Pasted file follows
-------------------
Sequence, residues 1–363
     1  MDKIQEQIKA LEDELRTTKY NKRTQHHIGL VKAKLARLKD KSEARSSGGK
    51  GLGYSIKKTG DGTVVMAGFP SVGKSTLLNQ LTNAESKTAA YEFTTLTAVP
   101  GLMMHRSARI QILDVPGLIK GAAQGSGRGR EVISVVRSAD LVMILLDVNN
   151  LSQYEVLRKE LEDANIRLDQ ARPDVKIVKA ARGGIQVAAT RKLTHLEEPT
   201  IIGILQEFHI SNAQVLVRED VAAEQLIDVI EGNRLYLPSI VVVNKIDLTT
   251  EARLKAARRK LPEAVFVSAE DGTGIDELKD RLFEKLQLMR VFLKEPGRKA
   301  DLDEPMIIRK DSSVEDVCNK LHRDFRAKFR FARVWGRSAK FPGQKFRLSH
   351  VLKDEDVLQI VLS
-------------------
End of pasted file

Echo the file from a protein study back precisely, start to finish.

Sequence, residues 1–363
     1  MDKIQEQIKA LEDELRTTKY NKRTQHHIGL VKAKLARLKD KSEARSSGGK
    51  GLGYSIKKTG DGTVVMAGFP SVGKSTLLNQ LTNAESKTAA YEFTTLTAVP
   101  GLMMHRSARI QILDVPGLIK GAAQGSGRGR EVISVVRSAD LVMILLDVNN
   151  LSQYEVLRKE LEDANIRLDQ ARPDVKIVKA ARGGIQVAAT RKLTHLEEPT
   201  IIGILQEFHI SNAQVLVRED VAAEQLIDVI EGNRLYLPSI VVVNKIDLTT
   251  EARLKAARRK LPEAVFVSAE DGTGIDELKD RLFEKLQLMR VFLKEPGRKA
   301  DLDEPMIIRK DSSVEDVCNK LHRDFRAKFR FARVWGRSAK FPGQKFRLSH
   351  VLKDEDVLQI VLS